Nigeria Air? We do not need it
There are just too many questions surrounding the idea of ‘Nigeria Air’ being promoted by the Minister of State for Aviation, Senator Hadi Sirika that make many Nigerians to question the honesty of the current administration. First, there was an agreement with the Infrastructure Concession Regulatory Commission (ICRC) that the federal government would have zero investment in the proposed national airlines. In querying the rationale behind the decision, former Asset Management Corporation of Nigeria (AMCON) Chief Executive Officer, Mr. Mustafa Chike, wrote on his Twitter page: “I am baffled. Air France/KLM paid $286 million for 31 per cent of Virgin Atlantic last year but we are paying up $300 million for a start-up airline.”
What is more disturbing is that the experience of Nigeria shows that most of the ‘investors’ we have had in critical sectors usually end up coming here to raise loans from our local banks to fund both their investment and operations. In a risky sector like aviation, we doubt if any rational foreign investor would bring any money for ‘Air Nigeria’ and that is why we believe the National Assembly should wade in before we throw away $300 million.
Even at the risk of sounding repetitive, we agree that given the size of our nation, the huge population and the mobility of our people, there are sufficient grounds to argue for a national carrier. At present the country loses so much money to foreign airliners because there is no national carrier with adequate network of routes or the capacity to operate extensively many of the highly lucrative routes. The few private airlines that attempt to do that do not have the wherewithal and capacity to finance extensive foreign operations. Yet no matter how patriotic we may feel about the issue, going back to the era of our inglorious past remains nothing but a misplaced nostalgia.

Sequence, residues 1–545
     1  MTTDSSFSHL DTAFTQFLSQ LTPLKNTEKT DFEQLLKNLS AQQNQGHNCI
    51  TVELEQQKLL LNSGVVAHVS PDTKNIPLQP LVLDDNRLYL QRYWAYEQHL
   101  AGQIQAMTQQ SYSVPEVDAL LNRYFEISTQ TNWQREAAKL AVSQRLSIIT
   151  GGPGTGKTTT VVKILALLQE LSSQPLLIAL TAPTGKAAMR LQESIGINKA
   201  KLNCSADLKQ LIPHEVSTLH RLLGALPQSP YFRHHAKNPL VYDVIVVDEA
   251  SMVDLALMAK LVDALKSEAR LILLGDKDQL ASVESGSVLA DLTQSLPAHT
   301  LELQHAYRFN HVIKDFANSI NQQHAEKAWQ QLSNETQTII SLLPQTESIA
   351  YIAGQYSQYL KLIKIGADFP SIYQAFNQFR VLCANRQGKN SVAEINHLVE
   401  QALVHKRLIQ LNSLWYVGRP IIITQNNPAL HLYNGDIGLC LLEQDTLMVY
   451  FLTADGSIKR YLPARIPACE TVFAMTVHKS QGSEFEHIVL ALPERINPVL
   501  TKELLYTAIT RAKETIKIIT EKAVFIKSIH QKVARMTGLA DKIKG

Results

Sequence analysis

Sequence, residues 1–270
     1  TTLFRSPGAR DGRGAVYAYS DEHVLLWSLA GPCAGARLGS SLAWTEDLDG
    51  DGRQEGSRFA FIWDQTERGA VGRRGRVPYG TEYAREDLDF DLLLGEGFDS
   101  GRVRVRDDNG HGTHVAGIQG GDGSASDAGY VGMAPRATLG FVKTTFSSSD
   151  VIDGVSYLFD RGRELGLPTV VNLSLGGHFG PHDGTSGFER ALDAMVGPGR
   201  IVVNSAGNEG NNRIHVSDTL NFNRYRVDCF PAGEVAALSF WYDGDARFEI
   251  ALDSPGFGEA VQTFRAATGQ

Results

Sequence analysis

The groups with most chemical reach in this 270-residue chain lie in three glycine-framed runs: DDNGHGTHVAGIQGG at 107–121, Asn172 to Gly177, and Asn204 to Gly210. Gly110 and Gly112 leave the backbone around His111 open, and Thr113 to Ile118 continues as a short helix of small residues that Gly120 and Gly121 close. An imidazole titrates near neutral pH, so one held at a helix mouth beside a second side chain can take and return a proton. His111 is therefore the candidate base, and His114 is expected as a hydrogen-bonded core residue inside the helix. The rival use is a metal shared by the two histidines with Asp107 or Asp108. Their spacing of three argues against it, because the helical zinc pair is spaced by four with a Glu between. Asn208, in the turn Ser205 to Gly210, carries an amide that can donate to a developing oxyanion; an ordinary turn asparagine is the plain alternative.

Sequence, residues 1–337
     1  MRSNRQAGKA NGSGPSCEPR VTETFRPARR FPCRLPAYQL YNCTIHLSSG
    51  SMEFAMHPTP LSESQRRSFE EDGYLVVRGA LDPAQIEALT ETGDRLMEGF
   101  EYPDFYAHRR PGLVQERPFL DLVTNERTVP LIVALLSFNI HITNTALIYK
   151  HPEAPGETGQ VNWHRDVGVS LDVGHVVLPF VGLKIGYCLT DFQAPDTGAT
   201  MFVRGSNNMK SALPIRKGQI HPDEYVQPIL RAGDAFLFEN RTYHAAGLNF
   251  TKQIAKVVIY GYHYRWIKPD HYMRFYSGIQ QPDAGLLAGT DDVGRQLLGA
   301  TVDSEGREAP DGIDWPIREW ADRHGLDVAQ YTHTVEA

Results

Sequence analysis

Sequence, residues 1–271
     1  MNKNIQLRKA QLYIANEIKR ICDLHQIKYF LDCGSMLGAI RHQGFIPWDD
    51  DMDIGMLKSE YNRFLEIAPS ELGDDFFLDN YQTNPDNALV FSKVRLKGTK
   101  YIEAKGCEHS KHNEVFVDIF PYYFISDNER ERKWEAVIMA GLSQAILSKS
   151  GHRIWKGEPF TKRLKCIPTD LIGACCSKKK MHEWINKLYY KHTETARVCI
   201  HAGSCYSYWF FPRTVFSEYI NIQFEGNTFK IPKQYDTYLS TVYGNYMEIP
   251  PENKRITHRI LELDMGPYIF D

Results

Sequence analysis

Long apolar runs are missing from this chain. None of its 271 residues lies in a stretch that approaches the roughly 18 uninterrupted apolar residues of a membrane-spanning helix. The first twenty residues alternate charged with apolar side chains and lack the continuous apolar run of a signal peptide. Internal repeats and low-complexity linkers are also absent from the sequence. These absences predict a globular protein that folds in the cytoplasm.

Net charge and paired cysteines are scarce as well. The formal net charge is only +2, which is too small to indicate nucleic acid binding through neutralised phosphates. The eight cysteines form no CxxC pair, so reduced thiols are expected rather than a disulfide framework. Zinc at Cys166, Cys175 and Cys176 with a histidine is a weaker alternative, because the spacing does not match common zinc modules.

At its peak, the then national carrier, Nigeria Airways had over 30 aircraft in its fleet. But by the time it was eventually liquidated in 2003 by the administration of President Olusegun Obasanjo, it had become a huge liability, an object of national shame and international ridicule. Some of the aircraft were seized abroad at will because of indebtedness. Salaries were hardly paid. At one of the most ludicrous moments in 2002, after more than a 24 -hour delay on a Lagos-bound flight from New York, a passenger had to lend the airline $5000 to buy fuel!
Indeed, Nigeria Airways was synonymous with large scale inefficiency, mismanagement and corruption. Yet there is nothing to suggest that appreciable lesson has been learnt as evident in the debacle that followed the federal government arrangement with Virgin Airlines to run Virgin Nigeria as Public-Private Partnership (PPP), a similar model that the aviation minister is now proposing. Sir Richard Branson, chairman of the group, complained of political intrigues, corruption, lack of adherence to agreements, and a regulatory body that didn’t know what to do “and persistently asking for bribes at any point.” The airline was making huge losses in capital and ultimately, the Virgin group was forced to divest its interest. What assurance is there that a new national carrier would be run responsibly?
Indeed, the world over, most nations are divesting from airlines businesses because they are better run by the private sector. To compound the problem, the nation’s aviation industry is currently going through financial stress and many of the airlines are highly indebted. They are hindered by inadequate fleet and capacity and thus cannot compete effectively. Therefore, given the operating environment, we feel that a national carrier is a misplaced priority that would lead to another waste of enormous scarce resources.